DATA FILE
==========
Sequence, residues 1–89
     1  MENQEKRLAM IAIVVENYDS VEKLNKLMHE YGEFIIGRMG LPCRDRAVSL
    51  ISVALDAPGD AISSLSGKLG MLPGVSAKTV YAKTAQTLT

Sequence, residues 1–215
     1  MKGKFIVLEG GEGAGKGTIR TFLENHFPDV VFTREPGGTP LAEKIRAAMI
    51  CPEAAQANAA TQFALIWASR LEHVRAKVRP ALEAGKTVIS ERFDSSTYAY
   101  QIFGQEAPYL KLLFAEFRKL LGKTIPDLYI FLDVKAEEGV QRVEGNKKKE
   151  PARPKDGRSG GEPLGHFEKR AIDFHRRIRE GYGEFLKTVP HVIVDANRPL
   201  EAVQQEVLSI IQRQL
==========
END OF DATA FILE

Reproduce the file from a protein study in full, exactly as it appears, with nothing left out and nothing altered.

Sequence, residues 1–89
     1  MENQEKRLAM IAIVVENYDS VEKLNKLMHE YGEFIIGRMG LPCRDRAVSL
    51  ISVALDAPGD AISSLSGKLG MLPGVSAKTV YAKTAQTLT

Sequence, residues 1–215
     1  MKGKFIVLEG GEGAGKGTIR TFLENHFPDV VFTREPGGTP LAEKIRAAMI
    51  CPEAAQANAA TQFALIWASR LEHVRAKVRP ALEAGKTVIS ERFDSSTYAY
   101  QIFGQEAPYL KLLFAEFRKL LGKTIPDLYI FLDVKAEEGV QRVEGNKKKE
   151  PARPKDGRSG GEPLGHFEKR AIDFHRRIRE GYGEFLKTVP HVIVDANRPL
   201  EAVQQEVLSI IQRQL